With a judge's decision to reduce the bond for one of the three Duke University lacrosse players charged with raping an exotic dancer in March comes the first sign that the criminal justice system can, and will, self-correct the ongoing travesty in Durham. District Attorney Mike Nifong had a threadbare case weeks ago and now, in light of new information, it is clear that he is straying into prosecutorial misconduct.
"Unless he has a player from the team who is going to testify that this rape occurred, there is no way he will win this case and there is no way this case should have ever been brought," Mark Edwards, a Durham criminal defense lawyer tells the Raleigh News & Observer. Edwards has no obvious axe to grind: He appeared in an ad for Nifong during the spring Democratic primary campaign for district attorney.
A just-released account of the night in question throws all the supposed facts of the case into flux. According to a police report prepared by Officer G.D. Sutton, Nifong's victim went to the team's party with three other dancers, not one, and was assaulted by five players, not three. "She later stated that she was penetrated by all five of the guys," Sutton writes.
But it turns out that was just one version police heard. They also heard she had been raped by two men, raped by three men, and groped by an unknown number in front of the house.
"At one point she said that she had not been raped," Sutton noted in her report, compiled the day after the March 13 incident, but handed over to defense attorneys just last week.
Taken at any kind of objective face value, this suggests a case with very little, if any, backbone. Prosecutors are usually loath to purse such cases, even out of self-preservation or a simple cost-benefit analysis. This has set off a cottage industry in both local and national media tasked with identifying the "real" reason Nifong charged Duke players with rape in early May.
Repeated and popular attempts to locate Nifong's handling of the case along some selfish political motivation—such as the May 22 primary vote—fail to satisfy. Someone so calculating and cynical as to seize on rape charges in order to cook class and racial tensions into electoral success would not do what Nifong has done. He would have built-in some sort of escape hatch for himself along the way, a reduction in charges or a way for a civil suit to do the heavy lifting of politically popular "social justice" and not his DA's office. That did not happen.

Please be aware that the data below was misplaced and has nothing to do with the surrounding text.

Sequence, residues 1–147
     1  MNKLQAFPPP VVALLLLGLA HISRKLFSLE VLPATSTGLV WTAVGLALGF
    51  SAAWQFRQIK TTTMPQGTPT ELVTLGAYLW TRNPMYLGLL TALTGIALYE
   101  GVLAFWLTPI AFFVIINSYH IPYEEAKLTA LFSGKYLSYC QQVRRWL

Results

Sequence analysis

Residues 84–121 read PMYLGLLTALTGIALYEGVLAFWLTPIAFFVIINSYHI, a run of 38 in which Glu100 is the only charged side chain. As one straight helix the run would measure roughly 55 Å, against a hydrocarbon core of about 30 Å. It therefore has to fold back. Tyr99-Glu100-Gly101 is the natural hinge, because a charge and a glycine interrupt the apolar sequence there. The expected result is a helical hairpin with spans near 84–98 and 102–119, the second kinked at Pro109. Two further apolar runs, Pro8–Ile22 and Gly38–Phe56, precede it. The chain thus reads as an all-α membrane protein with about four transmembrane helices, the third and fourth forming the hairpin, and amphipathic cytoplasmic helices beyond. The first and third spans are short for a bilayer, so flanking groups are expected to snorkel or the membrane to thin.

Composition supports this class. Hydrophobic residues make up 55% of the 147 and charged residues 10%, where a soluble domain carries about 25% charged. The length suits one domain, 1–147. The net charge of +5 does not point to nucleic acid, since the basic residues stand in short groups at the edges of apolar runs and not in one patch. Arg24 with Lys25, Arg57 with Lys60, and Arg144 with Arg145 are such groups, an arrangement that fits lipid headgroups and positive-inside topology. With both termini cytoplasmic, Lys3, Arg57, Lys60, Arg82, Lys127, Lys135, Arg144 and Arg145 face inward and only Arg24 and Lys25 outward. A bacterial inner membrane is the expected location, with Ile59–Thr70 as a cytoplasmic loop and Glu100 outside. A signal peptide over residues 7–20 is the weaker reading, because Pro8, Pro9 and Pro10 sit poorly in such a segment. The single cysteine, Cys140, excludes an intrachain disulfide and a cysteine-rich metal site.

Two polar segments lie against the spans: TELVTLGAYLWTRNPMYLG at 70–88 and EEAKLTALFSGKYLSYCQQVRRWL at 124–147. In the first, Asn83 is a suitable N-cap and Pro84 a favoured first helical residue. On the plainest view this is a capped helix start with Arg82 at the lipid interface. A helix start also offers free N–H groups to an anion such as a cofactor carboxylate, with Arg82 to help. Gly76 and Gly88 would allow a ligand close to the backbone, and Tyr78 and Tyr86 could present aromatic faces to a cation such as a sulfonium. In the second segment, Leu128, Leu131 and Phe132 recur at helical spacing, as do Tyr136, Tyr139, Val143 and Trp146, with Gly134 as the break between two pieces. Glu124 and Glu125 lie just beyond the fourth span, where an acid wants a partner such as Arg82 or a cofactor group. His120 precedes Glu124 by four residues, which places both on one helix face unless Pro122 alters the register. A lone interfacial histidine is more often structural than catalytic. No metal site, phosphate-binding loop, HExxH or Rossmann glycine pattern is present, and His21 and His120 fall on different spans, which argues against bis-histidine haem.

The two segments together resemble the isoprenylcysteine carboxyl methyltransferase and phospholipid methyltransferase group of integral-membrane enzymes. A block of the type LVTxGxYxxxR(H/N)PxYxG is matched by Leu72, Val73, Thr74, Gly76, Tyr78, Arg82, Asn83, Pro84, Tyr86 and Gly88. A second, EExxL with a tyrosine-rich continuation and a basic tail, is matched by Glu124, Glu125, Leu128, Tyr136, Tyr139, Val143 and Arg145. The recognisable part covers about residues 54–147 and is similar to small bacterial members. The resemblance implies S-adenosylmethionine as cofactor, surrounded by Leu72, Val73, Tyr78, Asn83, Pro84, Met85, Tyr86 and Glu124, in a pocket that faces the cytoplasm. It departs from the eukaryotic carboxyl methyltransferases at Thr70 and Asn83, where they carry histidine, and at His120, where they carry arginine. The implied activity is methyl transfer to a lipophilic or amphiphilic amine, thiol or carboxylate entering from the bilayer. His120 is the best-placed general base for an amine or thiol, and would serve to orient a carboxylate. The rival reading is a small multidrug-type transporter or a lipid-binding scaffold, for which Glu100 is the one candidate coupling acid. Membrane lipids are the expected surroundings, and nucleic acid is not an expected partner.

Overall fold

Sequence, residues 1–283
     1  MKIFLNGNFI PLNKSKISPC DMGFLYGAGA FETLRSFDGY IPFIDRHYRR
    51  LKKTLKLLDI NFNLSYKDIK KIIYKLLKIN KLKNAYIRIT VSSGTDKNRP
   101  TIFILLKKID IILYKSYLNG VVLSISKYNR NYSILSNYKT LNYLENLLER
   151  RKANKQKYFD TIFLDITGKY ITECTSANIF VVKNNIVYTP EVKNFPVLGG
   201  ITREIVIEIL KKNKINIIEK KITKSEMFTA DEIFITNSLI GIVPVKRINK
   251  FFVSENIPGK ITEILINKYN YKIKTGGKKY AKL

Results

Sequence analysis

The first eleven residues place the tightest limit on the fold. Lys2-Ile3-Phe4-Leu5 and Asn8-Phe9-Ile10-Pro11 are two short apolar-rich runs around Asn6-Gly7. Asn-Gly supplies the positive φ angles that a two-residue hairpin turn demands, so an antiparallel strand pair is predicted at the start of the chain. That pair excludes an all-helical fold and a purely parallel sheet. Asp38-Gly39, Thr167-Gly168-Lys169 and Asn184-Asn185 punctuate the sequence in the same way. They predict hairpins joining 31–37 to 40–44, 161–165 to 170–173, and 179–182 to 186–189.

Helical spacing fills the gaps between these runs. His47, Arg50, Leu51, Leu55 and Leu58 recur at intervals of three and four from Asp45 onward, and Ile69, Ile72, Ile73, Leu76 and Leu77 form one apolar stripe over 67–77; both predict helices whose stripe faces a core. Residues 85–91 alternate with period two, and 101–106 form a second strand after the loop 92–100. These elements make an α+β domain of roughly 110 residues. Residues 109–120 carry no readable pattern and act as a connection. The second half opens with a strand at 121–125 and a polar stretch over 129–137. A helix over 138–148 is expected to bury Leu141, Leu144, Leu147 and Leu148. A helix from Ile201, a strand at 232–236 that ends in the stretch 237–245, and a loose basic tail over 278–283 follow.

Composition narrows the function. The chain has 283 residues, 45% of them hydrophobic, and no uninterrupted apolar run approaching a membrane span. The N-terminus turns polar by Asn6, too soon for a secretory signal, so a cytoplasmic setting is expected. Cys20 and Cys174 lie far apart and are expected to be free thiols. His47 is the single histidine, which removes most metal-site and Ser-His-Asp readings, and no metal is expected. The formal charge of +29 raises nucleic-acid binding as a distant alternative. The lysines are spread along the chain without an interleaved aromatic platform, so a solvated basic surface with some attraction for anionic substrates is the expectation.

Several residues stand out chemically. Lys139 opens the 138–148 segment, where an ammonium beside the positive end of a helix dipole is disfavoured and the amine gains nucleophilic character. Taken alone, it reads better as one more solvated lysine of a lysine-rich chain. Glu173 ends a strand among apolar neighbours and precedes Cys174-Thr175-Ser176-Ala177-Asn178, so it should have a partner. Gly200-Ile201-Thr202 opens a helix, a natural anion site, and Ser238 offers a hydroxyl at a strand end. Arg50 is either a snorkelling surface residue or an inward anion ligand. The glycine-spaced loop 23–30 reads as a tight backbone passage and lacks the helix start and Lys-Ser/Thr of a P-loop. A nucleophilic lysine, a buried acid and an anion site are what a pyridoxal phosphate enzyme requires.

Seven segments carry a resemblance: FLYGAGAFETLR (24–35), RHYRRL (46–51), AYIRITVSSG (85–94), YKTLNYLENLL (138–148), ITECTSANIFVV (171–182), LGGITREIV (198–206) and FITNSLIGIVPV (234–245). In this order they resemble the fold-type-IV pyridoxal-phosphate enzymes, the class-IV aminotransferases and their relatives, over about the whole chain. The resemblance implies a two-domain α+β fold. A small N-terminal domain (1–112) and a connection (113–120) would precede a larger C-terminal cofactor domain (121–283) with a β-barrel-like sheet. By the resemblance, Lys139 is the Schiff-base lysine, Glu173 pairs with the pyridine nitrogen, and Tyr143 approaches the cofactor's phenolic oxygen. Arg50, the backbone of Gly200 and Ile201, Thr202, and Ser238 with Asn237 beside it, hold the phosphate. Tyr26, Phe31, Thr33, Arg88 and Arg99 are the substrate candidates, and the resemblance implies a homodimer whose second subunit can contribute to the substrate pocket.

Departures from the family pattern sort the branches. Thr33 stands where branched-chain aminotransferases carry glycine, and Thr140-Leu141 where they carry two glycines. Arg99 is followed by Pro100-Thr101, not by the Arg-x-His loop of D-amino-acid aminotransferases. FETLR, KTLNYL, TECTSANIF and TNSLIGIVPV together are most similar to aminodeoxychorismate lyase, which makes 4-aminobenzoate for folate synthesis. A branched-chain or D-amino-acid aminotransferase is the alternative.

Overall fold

Instead, Nifong doubled-down and insisted that the accuser's story was accurate. To this day, in fact, Nifong stands behind his initial reading of the case as a racially motivated hate crime "totally out of place for this community in this day and age."
In a rambling email sent to Newsweek two weeks ago, Nifong claims none of the shifting accounts shake his case. "None of the 'facts' I know at this time, indeed, none of the evidence I have seen from any source, has changed the opinion that I expressed initially," Nifong writes.
"The only people I have to persuade will be the twelve sitting on the jury, and if you want to know how I am going to do that, you will need to attend the trial. If, in the meantime, you and other 'journalists' want to continue your speculations in the competition to come up with the most sellable story—and that seems to be everyone's bottom line—then please spare me the recriminations when you get things wrong, as you inevitably will," he continues.
The only thing missing is the clacking of Captain Queeg's ball bearings. Nifong did not bring the case to win a Democratic primary; he brought the case because he is unhinged from reality.
Besides, ascribing political motivations to Nifong's actions, or those of any prosecutor, simply sets the bar too low. A prosecutor is supposed to be more than a career-boosting opportunist. The system only works if he or she puts the truth ahead of a conviction and works diligently to dig out that truth. In the case of Nifong, he is not even in the ballpark of a conviction and the objective truth of the matter does not seem to enter his calculation.
Citing the confusion over the basic facts of the case, Duke law professor James Coleman recently called on Nifong to appoint a special prosecutor to the case and back away while he still can.
"This is the kind of stuff that causes the public to lose confidence in the justice system," Coleman told reporters.
But another, deeper truth is re-affirmed by events in Durham: Nothing is more dangerous than a lunatic with government letterhead. It is a black mark on all of us that it took a seedy mix of race, money, sex, and violence for anyone to notice that crucial fact of American life at work in a courtroom.
Start your day with Reason. Get a daily brief of the most important stories and trends every weekday morning when you subscribe to Reason Roundup.